U.S. Planning on Long Term Commitment in Afghanistan

U.S. Planning on Long Term Commitment in AfghanistanBased on the “uneven” performance of its security forces, Army General John Campbell believes that Afghanistan will require extensive support until “at least” 2024 because that is the earliest time that the Afghan government could cover the estimated $4.1 billion annual price tag for security services.

The outgoing commander of all U.S. forces in that theater of operations made the comments during testimony before the House Armed Services Committee in Washington. He opined that the dangers posed by militants from al Qaeda, the Taliban, Haqqani, and other groups “are certainly not residual threats that would allow for a peaceful transition across Afghanistan.” Instead, they “require our sustained attention and forward presence.” Officials are also concerned by reports of an Islamic State presence in some provinces, and they are directing aggressive operations against these elements to prevent them from becoming entrenched and/or expanding.

General Campbell also had strong words for those who believe that a withdrawal, both militarily and economically, is feasible. “If we think we can just stop and it’s going to go away, or people are not going to continue to try to attack Europe or attack our homeland here, then we’re naive, we’re kidding ourselves,” he said. “We have to be able to continue to have a long-term commitment,” he added.

General Campbell dismissed lawmakers’ concerns that, with diminishing troop levels and increasing ISIS activity, the same fate that is apparently befalling Iraq could occur in Afghanistan. “They will not do what happened in Iraq based on what’s coming from their heart, from Afghanistan, to protect their country,” he predicted.

The General’s leadership came into question after a December 2015 DoD report concluded that the military situation in Afghanistan deteriorated significantly in the second half of 2015, as Taliban attacks on Afghan forces increased in both frequency and ferocity. So, General Campbell also took his testimony as an opportunity to vindicate his record. He insisted that over 70% of populated areas in the war-torn country are under government influence or control.

Upon his pending retirement, Lieutenant General John Nicholson will replace General Campbell.

Americans in Afghanistan

The late Philip Seymour Hoffman summed up the modern Afghan Wars very well during his “Zen master” monologue in the 2007 film Charlie Wilson’s War. When the Soviet Union invaded the country in 1979, the Central Intelligence Agency and other American government groups encouraged Muslim militant bands from around the world to come to Afghanistan and wage jihad (holy war) against the invaders.

The plan ultimately worked, but when the Soviets left, some of the factions stopped fighting the infidels and started fighting each other. One of the largest and most radical groups – the Taliban – eventually became the dominant force in the country. In the mid-1990s, the Taliban gave aid and comfort to a Saudi dissident (Osama bin Laden) and his nascent organization (al Qaeda). We all know what happened next.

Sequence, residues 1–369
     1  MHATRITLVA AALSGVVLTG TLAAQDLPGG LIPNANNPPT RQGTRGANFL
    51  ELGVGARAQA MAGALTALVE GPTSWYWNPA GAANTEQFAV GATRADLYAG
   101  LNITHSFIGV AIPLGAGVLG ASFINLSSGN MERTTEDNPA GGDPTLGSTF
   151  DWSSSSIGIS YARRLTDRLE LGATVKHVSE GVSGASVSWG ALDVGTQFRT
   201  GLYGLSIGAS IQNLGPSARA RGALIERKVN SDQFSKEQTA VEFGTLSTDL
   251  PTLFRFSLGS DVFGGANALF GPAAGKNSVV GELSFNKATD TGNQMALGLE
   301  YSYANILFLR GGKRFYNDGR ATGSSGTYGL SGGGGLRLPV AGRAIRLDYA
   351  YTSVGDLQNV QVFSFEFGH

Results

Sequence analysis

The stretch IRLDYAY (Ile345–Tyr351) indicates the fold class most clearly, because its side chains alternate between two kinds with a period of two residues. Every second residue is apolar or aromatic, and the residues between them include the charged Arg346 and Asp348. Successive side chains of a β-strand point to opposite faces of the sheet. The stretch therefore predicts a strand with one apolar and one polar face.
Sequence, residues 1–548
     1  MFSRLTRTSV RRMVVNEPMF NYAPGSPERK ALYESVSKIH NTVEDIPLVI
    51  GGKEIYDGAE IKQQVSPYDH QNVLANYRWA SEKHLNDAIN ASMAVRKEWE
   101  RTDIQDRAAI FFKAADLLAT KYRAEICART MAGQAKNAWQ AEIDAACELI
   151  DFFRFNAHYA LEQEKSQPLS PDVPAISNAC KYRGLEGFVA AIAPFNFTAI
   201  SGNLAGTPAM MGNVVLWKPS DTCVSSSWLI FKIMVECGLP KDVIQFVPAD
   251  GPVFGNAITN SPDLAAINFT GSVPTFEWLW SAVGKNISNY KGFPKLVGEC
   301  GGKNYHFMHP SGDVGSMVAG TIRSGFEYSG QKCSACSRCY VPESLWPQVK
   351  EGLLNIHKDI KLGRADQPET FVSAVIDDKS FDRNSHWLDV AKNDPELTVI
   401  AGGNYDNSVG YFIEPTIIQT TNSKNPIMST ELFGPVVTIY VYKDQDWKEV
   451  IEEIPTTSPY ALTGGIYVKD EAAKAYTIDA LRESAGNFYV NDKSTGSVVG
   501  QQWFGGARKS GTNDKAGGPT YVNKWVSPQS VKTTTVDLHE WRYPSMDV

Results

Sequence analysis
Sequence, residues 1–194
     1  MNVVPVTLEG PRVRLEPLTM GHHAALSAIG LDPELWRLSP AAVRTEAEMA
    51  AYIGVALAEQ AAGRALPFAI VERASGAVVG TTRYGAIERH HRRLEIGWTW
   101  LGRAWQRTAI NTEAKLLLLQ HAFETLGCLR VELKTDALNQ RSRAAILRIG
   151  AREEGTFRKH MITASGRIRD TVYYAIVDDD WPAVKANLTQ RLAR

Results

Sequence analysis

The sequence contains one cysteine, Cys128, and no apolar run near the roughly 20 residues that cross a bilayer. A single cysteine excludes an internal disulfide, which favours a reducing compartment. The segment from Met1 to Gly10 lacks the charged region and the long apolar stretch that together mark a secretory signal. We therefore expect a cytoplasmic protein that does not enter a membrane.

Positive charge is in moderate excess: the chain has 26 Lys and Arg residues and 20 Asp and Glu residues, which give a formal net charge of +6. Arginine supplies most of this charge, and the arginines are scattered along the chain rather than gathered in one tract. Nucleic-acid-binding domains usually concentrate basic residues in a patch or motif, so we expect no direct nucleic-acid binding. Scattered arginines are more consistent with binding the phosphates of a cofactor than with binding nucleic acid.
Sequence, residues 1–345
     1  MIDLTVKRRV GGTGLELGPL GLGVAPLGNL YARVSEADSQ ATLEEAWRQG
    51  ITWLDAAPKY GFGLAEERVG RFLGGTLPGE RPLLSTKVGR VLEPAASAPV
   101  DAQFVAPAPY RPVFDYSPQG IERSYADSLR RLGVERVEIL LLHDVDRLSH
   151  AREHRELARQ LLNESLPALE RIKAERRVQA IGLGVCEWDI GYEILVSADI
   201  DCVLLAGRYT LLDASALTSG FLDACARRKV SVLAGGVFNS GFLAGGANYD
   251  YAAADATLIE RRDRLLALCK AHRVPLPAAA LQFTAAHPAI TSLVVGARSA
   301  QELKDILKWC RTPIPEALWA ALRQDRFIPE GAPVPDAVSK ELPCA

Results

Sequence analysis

Now, with economic, military, and political costs all increasing, military contractors allow the U.S. government to reduce all three. Contractors are cheaper because although their wages are much higher, they receive few or no benefits. Moreover, contractors are typically not included in troop level and casualty reports that are furnished to the media.

Injured Contractors in Afghanistan

Thanks to the Defense Base Act, contractors do not have to bear the burden all by themselves. This 1941 law provides workers’ compensation insurance for workplace injuries that occur while working pursuant to a contract with the US Government overseas. In other words, private contractors who are working for the benefit of the U.S. government are provided insurance to obtain benefits related to:

  • Medical treatment,
  • Lost wages,
  • Wrongful death, and
  • Physical rehabilitation.

Victims can normally choose their own doctors.

Lost wages are paid at 2/3 of the Average Weekly Wage (AWW) subject to a maximum depending on the date of the injury. Benefits are paid according in 4 different categories:

  • Temporary Total Disability (TTD): Paid while a person is completely disabled and while undergoing treatment is medically not cleared to work.
  • Temporary Partial Disability (TPD): Most people can still work with strains, sprains, and other similar injuries, but they must be on restricted duty while they recover so they are earning less than what they were earning pre-injury.
  • Permanent Total Disability (PTD): Many contractors are so badly hurt that they cannot return to work.
  • Permanent Partial Disability (PPD): The payment classification is changed when an injured worker is released to return to work but with restrictions, preventing him/her from earning what was earned pre-accident.

In most cases, the insurance company pays medical bills directly according to a schedule that is something like Medicare or Medicaid. The contractors are not responsible for any overages. The same thing applies for rehabilitation expenses and other related out-of-pocket expenses, like prescription drugs, mileage reimbursement, and medical devices.

To hear more about the life-changing benefits available, contact us today.